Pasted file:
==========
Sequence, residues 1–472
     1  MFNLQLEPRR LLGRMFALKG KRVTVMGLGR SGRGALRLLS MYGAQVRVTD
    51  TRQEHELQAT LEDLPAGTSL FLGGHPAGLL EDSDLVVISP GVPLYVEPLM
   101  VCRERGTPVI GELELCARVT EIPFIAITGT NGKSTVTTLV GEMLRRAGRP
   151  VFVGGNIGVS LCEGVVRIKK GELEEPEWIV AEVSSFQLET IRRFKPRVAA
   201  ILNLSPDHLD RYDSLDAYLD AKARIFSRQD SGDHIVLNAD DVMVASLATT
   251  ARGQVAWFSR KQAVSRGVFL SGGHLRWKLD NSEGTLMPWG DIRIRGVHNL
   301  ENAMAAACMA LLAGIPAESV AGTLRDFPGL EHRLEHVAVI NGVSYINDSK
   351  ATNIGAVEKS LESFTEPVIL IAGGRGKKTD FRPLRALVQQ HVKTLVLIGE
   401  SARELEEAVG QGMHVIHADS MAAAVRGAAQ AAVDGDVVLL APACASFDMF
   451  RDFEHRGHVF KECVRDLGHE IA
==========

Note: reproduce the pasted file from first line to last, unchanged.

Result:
Sequence, residues 1–472
     1  MFNLQLEPRR LLGRMFALKG KRVTVMGLGR SGRGALRLLS MYGAQVRVTD
    51  TRQEHELQAT LEDLPAGTSL FLGGHPAGLL EDSDLVVISP GVPLYVEPLM
   101  VCRERGTPVI GELELCARVT EIPFIAITGT NGKSTVTTLV GEMLRRAGRP
   151  VFVGGNIGVS LCEGVVRIKK GELEEPEWIV AEVSSFQLET IRRFKPRVAA
   201  ILNLSPDHLD RYDSLDAYLD AKARIFSRQD SGDHIVLNAD DVMVASLATT
   251  ARGQVAWFSR KQAVSRGVFL SGGHLRWKLD NSEGTLMPWG DIRIRGVHNL
   301  ENAMAAACMA LLAGIPAESV AGTLRDFPGL EHRLEHVAVI NGVSYINDSK
   351  ATNIGAVEKS LESFTEPVIL IAGGRGKKTD FRPLRALVQQ HVKTLVLIGE
   401  SARELEEAVG QGMHVIHADS MAAAVRGAAQ AAVDGDVVLL APACASFDMF
   451  RDFEHRGHVF KECVRDLGHE IA